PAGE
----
elitefts™ Sunday Edition

It's 11:00 p.m. and I'm just starting my training. The garage gym where I train is empty and quiet. The stereo is off and the only sound I hear is the weights hitting the floor as I go through my sets on the deadlift platform. Lately, this has been a typical training session. With mornings devoted to the boys’ swim team, ten- to twelve-hour work days, and evenings filled with various other commitments, it has been very hard to schedule time to train with my usual group, except for an occasional heavy squat or bench session. During other seasons of my life, this would have been a very difficult, even intolerable, reality to accept. Yet now I find myself actually enjoying the simplicity and solitude of these night time workouts, as they have become more routine.

I've always maintained that my time in the weight room has benefited me as a father, husband, boss, and person. Although I hate using the word “balance,” I've often argued that the training has always provided a much needed “release” of stress and emotion. It has saved my wife and boys from a grumpy and disengaged husband and father, and it has provided my employees with a more patient and even keeled supervisor. Because of this, the need for my three to four sessions per week has always been easy to justify to others and, when craftily articulated, even makes it look like an act of charity and selflessness. It's hard not to feel at least a little bit gratified when your wife says, “You seem stressed. Maybe you should go to the gym this evening.” It only solidifies my prideful belief that I’ve got her exactly where I want her, which is, of course, sheer foolishness on my part!

However, if I'm completely honest with myself, my training has always been more of a selfish activity than a benevolent one. I love everything about powerlifting—the attitude, the strain, the intensity. But more than that, I love that it's a world that carries little genuine obligation on my part. The weights really don’t care whether I lift them or not. The gym isn’t offended if I don’t show up. Yet I choose to experience the discomfort of growth. I choose to endure hardship, pain, and even potential injury. In a culture extremely focused on that which is comfortable and easy, this mindset is easily misunderstood and even ridiculed. Why would anyone choose to put himself through this?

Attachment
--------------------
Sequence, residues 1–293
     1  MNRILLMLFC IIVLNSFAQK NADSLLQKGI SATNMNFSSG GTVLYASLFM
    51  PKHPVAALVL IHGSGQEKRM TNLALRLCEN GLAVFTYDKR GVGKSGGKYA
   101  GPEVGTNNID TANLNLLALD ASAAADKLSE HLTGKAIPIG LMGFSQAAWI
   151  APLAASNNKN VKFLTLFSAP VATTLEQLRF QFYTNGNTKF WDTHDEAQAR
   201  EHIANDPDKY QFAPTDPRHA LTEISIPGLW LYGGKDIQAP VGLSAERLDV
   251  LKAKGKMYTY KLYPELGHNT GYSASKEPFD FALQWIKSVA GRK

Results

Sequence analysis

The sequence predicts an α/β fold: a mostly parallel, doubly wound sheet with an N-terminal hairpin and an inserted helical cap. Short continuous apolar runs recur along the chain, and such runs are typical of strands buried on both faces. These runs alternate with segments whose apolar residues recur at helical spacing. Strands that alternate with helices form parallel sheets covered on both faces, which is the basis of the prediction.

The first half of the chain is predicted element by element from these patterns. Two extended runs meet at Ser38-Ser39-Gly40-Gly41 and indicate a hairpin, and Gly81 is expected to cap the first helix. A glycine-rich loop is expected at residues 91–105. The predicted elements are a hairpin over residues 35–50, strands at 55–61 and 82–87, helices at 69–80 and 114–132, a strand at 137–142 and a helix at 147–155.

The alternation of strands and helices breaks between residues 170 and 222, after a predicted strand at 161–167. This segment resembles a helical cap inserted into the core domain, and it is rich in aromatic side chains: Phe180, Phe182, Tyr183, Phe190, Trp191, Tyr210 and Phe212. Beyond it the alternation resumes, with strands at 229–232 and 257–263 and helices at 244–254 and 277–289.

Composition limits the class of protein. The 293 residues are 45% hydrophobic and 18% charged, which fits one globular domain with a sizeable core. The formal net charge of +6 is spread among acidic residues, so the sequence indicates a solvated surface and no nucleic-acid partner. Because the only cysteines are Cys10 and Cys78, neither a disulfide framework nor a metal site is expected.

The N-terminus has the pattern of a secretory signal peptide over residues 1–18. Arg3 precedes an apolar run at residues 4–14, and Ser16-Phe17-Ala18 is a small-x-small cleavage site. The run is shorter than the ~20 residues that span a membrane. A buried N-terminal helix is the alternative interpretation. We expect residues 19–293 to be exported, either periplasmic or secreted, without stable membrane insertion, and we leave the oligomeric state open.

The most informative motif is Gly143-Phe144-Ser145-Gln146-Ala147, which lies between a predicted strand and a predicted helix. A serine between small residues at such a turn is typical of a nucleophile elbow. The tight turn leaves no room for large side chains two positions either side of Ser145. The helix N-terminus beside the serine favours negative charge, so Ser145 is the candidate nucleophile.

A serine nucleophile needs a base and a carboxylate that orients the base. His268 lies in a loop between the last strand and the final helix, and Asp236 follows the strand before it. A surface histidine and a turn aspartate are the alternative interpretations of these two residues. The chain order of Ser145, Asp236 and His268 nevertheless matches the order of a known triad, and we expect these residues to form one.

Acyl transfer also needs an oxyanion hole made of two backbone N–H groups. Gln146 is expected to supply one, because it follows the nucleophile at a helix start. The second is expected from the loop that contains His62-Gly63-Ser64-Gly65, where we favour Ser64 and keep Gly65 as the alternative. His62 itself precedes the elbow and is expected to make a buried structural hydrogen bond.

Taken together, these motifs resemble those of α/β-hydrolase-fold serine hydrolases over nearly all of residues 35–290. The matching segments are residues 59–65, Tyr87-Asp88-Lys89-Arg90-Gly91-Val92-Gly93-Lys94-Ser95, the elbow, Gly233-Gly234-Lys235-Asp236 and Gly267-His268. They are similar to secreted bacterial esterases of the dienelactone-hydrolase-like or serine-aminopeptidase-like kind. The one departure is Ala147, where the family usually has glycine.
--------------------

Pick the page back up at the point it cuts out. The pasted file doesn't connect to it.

This “power of choice” concept was recently put into perspective for me. I was watching a documentary about gladiators on the History Channel the other day and an archeologist stated that death surrounded the ancient Romans. Plague, war, and famine were all part of everyday life. Because of this, one would logically think that something like the gladiatorial games would have been avoided and very unpopular. Yet, as we all know, they were extremely popular with the Roman public. The explanation for this was deeply psychological. For the price of admission and a couple hours a week, an average Roman citizen could choose to both witness and participate in the fate of the gladiators he flocked to see fight. To put it simply, they were exercising their mastery over death. With a “thumbs up,” the gladiator lived. With a “thumbs down,” they died. In no other facet of their lives did they have this much control and it momentarily liberated them from the morbid reality that existed in their unpredictable and dangerous world.

We all know that our lives are filled with challenges and hardships that we never choose for ourselves. While we would never choose for a parent to get sick or for one of our children to have special needs, they are realities that deserve and demand our devoted time and attention. These responsibilities are to be embraced, not avoided. However, they can create a sense of hopelessness that can, at times, leave us feeling powerless and pretty insignificant like we're stuck between the hammer and the anvil.

Some choose to succumb to these pressures and use them as excuses to become victims, allowing their lives to become even more stressful and out of control. This is something that I have never been able to tolerate in my life. Somehow choosing to challenge myself in the weight room makes the other challenges in my life seem a little less formidable, a little bit easier to face. The training doesn’t deplete my energy and stamina. It increases it. It isn’t simply one more obligation. It is what makes the burden of the responsibilities in my life lighter and more manageable.

I read a quote the other day from former President Dwight D. Eisenhower that really summed it all up for me: “In the final choice, the soldier’s pack is not so heavy as a prisoner’s chains.” Perhaps another way to say this is that there is more freedom in choosing to proudly face the hardships life throws at us than surrendering to them.

By 1:00 a.m., I've completed my sets and reps. My lower back is burning, my head is pounding, and I’m tired. I know that in a few short hours, life will start over again and my beautiful wife and boys will need their husband and daddy, my employees will need their encouraging and supportive supervisor, and my very hectic life will continue to grow in responsibilities and obligations. Yet as the number and significance of these things grow, so does my strength and ability to handle them. I’ve not only trained my body, but I've also trained my character as well. That is more important than any PR could ever be.